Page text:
...typing for peace, democracy, and the glory of the Typosphere
Yes, yes, yes. The barbeque skewer (or equivalent) is the most crucial tool. Lindsey, if you are watching, this is the best explanation of this process that I've seen! Then again, of course I would endorse it; it's exactly what I had to do, after I bought my Model 5.In retrospect, I almost feel sorry for the person I bought the machine from. They were, like, "Oh, this Remington is all jammed and broken, so I have to sell it really cheap." Fifteen minutes after it arrived, I had the carriage unlocked and the draw band replaced. Now, it's my favorite machine.
This is great! Almost exactly the same procedure for the Remington portable no.1&2. And it is fiddly, but extremely satisfying. I used a bit of garden wire to thread a bit of fishing line. With fishing line you can bend the end to a curve to get it through the hole in the drum.
Very good work Rob. This is another post I need to archive for future reference.Besides a skewer or knitting needle, I use crochet hooks for threading draw bands. I also bend thin tig/mig welding rods to pull drawbands and springs.
Very useful reference, thanks.
Good stuff!Oh. Another item on getting the lowest working tension is the carriage rails. My 5 was by far the most sensitive to greased-up rails. It got v e r y sluggish toward the end of the line even with high tension and was hard work to do a carriage return. A proper cleaning with some white petrol (or white spirit 'd be good too) of the two rails really made it zip along again. (Cleaned the reachable bits of rails with rag and ran b&f a cpl of times between wiping clean.)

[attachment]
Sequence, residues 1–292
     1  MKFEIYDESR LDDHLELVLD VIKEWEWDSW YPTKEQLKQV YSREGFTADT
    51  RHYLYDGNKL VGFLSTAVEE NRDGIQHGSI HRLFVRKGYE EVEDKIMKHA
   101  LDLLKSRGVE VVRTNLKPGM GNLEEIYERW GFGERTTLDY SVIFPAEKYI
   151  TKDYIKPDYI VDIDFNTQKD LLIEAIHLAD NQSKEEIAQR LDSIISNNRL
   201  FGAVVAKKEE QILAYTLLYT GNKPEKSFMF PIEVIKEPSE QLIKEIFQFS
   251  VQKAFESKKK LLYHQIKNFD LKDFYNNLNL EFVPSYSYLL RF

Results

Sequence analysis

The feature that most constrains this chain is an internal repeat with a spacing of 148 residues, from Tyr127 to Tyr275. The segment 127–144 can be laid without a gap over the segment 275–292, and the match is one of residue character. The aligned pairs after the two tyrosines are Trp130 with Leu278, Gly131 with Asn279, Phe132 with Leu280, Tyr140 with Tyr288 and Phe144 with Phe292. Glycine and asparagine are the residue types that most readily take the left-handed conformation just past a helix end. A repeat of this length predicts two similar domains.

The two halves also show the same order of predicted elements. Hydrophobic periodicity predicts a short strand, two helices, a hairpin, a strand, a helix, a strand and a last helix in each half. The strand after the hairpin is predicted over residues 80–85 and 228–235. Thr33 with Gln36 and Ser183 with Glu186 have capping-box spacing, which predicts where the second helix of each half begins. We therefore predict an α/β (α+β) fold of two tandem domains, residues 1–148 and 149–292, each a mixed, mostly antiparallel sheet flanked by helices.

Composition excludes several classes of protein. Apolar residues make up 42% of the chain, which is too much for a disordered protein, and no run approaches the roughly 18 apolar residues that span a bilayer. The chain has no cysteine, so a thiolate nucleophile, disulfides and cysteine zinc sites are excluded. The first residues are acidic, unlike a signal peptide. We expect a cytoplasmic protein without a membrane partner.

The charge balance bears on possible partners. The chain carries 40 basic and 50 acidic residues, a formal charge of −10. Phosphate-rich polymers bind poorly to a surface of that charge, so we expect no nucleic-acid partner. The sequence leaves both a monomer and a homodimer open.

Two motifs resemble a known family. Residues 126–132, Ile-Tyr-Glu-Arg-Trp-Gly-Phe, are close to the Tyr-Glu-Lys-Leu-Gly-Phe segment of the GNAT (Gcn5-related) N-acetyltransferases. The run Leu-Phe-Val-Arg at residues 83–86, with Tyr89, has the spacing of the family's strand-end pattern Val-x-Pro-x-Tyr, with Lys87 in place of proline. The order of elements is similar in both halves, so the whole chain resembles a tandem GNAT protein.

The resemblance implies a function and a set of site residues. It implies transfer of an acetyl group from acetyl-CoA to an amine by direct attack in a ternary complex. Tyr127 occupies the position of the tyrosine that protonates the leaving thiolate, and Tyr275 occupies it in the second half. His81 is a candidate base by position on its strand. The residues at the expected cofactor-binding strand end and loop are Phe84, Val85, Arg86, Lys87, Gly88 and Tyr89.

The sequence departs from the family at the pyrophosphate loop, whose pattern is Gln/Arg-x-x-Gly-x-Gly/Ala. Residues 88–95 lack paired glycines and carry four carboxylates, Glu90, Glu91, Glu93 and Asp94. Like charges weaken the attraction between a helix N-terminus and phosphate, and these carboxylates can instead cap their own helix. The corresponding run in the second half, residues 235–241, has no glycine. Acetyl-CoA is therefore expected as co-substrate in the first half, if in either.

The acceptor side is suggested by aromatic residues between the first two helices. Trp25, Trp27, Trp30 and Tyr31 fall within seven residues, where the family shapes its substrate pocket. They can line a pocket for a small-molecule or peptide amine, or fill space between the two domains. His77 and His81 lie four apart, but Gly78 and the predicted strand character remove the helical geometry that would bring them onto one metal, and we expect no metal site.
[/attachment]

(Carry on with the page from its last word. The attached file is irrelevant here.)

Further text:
I completely agree - whenever I get a new machine (increasingly rare these days) cleaning the rails comes straight after de-fuzzing the type linkages of fluff etc. Just as sensitive are the tubular steel rails on larger Olivettis.
Huzzah! I adore ANY description (with pix!) for replacing a drawband. It's the one repair that still scares me off of a purchase. Thanks! ~T~ http://wrongwaywriteway.com
That's funny because the first typewriter actively collected (compared to this Remington which I took from home) was a Blick Universal - aka Kleine Adler - which I managed to negotiate down in price because, you guessed it, the drawband was broken.